Internationally celebrated for such iconic designs as the Louvre Pyramid in Paris and the Bank of China Tower in Hong Kong, Ieoh Ming Pei has died at age 102.
His numerous contributions to the profession have been recognized with the Pritzker Architecture Prize, the AIA Gold Medal, and the Royal Gold Medal of the Royal Institute of British Architects, among many other honors.
Born in Guangzhou, China, in 1917, leoh Ming Pei came to the United States at the age of seventeen to study architecture. He received a bachelor's degree from MIT in 1940 and a master's in 1946 from the Harvard Graduate School of Design, where he remained as an assistant professor until 1948.
Photo: Sam Falk / New York Times
That year he accepted an invitation from the developer William Zeckendorf, Sr., to become the director of architecture at Webb & Knapp, a New York real estate development company. In this role, with a team of young designers recruited from Harvard, Mr. Pei embarked on a series of large-scale architectural and planning projects across the country, including Mile High Center in Denver (1956), the Southwest Washington Urban Renewal Plan (1962), and Society Hill in Philadelphia (1964).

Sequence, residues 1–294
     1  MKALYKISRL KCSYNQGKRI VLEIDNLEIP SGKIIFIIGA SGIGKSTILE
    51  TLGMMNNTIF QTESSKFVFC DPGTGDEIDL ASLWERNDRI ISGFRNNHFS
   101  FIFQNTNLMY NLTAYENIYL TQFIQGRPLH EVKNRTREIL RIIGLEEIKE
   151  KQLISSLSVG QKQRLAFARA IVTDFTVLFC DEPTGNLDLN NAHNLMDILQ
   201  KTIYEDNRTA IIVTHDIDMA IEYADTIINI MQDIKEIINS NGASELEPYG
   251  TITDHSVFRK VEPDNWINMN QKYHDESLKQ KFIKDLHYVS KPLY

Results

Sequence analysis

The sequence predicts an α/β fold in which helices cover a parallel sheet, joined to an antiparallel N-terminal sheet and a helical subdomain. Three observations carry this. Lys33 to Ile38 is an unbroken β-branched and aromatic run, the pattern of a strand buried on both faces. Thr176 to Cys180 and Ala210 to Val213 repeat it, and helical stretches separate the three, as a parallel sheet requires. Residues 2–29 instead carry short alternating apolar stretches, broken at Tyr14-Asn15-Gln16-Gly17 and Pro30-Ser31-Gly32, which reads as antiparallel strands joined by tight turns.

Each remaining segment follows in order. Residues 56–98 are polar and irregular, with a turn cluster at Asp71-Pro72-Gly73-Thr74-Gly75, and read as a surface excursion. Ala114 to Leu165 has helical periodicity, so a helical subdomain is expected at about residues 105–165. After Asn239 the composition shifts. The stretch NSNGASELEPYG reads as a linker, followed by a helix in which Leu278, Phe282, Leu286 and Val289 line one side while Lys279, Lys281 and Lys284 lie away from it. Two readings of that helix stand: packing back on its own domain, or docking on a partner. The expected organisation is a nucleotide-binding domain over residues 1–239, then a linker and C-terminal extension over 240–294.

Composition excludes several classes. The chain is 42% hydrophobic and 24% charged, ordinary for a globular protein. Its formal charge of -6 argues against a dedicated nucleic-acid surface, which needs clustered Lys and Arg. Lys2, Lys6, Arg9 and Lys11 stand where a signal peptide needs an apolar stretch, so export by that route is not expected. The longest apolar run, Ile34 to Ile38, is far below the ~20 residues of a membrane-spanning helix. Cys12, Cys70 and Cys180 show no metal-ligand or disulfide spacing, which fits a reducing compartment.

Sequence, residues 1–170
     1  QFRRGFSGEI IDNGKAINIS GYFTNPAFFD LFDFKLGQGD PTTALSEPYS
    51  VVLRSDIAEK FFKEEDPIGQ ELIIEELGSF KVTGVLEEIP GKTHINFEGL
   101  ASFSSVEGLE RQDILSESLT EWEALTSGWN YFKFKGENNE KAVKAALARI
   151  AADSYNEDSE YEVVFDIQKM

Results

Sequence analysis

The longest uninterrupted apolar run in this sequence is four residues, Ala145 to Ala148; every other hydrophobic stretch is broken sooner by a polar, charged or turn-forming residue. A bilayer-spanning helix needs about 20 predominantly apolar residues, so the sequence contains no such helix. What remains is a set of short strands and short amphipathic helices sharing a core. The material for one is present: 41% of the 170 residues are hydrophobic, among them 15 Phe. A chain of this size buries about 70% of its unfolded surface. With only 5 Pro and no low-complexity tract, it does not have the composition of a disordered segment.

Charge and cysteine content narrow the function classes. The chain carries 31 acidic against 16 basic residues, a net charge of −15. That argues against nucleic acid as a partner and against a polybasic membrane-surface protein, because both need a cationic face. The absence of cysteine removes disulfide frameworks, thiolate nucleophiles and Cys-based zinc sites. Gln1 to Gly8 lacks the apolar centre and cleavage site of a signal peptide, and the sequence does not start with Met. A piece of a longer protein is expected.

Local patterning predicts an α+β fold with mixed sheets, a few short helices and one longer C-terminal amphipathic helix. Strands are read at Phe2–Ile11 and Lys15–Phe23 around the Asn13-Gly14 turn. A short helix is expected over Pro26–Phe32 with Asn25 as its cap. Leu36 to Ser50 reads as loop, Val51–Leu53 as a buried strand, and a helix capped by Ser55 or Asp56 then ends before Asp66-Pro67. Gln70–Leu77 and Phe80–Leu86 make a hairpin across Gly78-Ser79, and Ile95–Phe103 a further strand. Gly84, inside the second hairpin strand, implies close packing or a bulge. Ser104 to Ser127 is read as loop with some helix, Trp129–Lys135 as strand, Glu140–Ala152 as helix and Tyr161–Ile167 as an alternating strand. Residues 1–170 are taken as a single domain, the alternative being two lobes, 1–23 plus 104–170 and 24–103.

In 1955, with colleagues Henry Cobb and Eason Leonard, Mr. Pei formed the partnership of I. M. Pei & Associates. Formally separating from Webb & Knapp in 1960, the firm became known as I. M. Pei & Partners in 1966 and Pei Cobb Freed & Partners Architects LLP in 1989.
Ieoh Ming Pei’s architecture can be characterized by its faith in modernism, humanized by its subtlety, lyricism, and beauty.
Pei has designed over fifty projects in this country and abroad, many of which have been award winners. Two of his most prominent commissions have included the East Building of the National Gallery of Art (1978), in Washington, D.C., and the extension of the Louvre in Paris, France.
Pei’s extraordinary career spanned seven decades, characterized by his faith in modernism, lyricism, and beauty. While Ieoh Ming Pei has passed away aged 102, few days ago, his legacy and impact on the field will never faded.
"Life is architecture, and architecture is the mirror of life." (I.M. Pei)
Here's five most memorable buildings that tell us about his life and work:
Herbert Johnson Museum of Art 1973, Ithaca, New York (1973)
Ph. © Nathaniel Lieberman
Louvre Pyramid and La Pyramide Inversée, Louvre, Paris, France (1993)
Ph. © Luc Boegly
Miho Museum, Shiga, Japan (1997)
Via koolbe on Flickr
Museum of Islamic Art (MIA), Doha, Qatar (2008)
Macao Science Center (in association with Pei Partnership Architects), Macau (2009)
Photo © Pei Partnership Architects
Cover photo: Ieoh Ming by © Marc Riboud